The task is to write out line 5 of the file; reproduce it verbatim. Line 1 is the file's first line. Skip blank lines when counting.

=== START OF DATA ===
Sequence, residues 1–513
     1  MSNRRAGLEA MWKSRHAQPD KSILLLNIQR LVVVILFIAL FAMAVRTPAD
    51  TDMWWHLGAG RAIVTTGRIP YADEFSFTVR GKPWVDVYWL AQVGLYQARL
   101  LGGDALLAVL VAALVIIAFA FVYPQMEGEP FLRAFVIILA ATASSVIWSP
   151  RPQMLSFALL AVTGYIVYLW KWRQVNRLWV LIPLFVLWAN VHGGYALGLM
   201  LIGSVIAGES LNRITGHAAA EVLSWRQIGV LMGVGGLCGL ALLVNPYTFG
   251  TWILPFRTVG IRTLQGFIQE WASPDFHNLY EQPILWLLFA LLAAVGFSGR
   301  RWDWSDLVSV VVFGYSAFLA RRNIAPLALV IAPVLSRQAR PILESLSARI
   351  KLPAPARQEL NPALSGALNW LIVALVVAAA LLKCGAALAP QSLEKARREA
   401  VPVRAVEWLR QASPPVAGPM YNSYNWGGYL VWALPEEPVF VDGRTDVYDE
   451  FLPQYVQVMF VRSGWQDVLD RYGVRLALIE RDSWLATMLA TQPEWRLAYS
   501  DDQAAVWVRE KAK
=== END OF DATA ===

   151  RPQMLSFALL AVTGYIVYLW KWRQVNRLWV LIPLFVLWAN VHGGYALGLM